What it is, what it’s used for, and should I invest in it: Everything you need to know about the newest financial craze
Unless you live under a rock, I’m sure you’ve heard about Bitcoin, the elusive cryptocurrency taking the financial world by storm.
Bitcoin is dominating the news: trumping (pun intended) stories from Washington about the Republican tax plan and littering newsfeeds worldwide with articles about the world’s newest “get rich quick” scheme. As the weeks go by, people watch the value of Bitcoin increase by the thousand, and in turn, people watch their confusion increase by the thousand as they think to themselves, “what even is Bitcoin? And should I invest in it??”
For those of you who have no idea what Bitcoin is or how it works, you’re not alone. Here’s the basic run-down on the cryptocurrency that’s doubling, tripling and quadrupling people’s money:
What is Bitcoin?
Bitcoin is a cryptocurrency and global payment system. It is the first digital currency without a centralized system, meaning there’s no middle-man or bank to oversee activity and transactions.
That means that there are no transaction fees (amazing) and that it’s not necessary to reveal your identity (scary).
Why do people use Bitcoin?
No transaction fees, global access and anonymity are the most attractive features of Bitcoin.
With no transaction fees, some vendors and small businesses are now accepting Bitcoin to avoid credit card fees. In the business world, Bitcoin’s global access and decentralized system is utilized for making large money transfers across international borders. Large money transfers between countries can sometimes take weeks to go through a bank, but with Bitcoin it’s almost instantaneous.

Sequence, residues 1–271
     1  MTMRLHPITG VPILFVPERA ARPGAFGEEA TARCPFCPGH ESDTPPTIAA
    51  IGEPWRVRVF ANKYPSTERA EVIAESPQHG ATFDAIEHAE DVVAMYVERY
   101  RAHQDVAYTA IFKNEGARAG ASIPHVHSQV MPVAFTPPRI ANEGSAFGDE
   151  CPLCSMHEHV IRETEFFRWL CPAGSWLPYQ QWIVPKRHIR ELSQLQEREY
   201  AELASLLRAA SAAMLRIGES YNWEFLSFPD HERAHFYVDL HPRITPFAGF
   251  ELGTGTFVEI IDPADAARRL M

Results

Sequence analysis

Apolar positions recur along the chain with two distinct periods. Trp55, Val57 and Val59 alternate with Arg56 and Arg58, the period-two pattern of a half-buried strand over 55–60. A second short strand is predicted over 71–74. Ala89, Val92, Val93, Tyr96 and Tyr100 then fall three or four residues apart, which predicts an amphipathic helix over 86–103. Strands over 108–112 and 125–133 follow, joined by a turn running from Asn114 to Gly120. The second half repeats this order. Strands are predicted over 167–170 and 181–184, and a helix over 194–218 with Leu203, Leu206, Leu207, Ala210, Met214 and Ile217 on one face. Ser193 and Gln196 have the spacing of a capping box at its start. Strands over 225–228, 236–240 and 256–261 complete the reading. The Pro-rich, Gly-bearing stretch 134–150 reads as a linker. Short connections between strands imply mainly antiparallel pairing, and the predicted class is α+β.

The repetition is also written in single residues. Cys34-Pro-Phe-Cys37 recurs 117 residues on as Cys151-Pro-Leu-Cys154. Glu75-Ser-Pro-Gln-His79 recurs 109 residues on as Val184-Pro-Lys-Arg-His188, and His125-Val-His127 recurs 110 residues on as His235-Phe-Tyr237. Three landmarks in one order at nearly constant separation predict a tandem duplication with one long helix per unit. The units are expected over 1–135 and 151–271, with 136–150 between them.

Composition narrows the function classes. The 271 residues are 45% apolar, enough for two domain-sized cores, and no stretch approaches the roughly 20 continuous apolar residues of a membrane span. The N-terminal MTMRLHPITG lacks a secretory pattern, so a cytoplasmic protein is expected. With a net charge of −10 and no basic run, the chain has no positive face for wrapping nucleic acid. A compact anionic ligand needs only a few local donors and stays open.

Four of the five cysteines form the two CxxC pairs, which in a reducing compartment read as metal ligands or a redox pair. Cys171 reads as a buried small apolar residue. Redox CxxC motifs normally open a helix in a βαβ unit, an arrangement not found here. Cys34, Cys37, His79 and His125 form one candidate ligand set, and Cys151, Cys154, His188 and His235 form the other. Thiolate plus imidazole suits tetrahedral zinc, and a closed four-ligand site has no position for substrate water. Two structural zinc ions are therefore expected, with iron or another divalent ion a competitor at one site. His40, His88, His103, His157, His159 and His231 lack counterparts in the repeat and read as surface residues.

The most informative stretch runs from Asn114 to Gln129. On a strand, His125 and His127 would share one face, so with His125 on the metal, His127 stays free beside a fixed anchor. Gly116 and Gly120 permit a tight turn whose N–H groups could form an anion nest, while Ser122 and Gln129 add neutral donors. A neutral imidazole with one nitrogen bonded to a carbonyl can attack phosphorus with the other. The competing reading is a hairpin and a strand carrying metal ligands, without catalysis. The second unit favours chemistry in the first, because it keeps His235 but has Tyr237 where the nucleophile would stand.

Thanks to its anonymity, Bitcoin is also (not surprisingly) popular among criminals, since anyone can create an address and exchange Bitcoin without exposing their identity. Earlier this year, criminals used a malware software to find loopholes in Window’s security system and locked thousands of computers worldwide. The attackers demanded money (payable in Bitcoin) from the victims in order to unlock their computer.
Moral of that story: get a Mac.
But despite the many uses of Bitcoin, the simplest and most common use is a get rich quick scheme: buying/selling Bitcoin and estimating its future prices.
Should I buy Bitcoin?
If you do, proceed with caution. While Bitcoin has multiplied people’s money in some cases, it’s still new and unpredictable. Many speculate that a crash is in the near future, so don’t invest any money that you wouldn’t mind losing the next day.
Basically, use your common sense and invest smart.
Learn more at www.grifin.com
All words by Lauren Vehar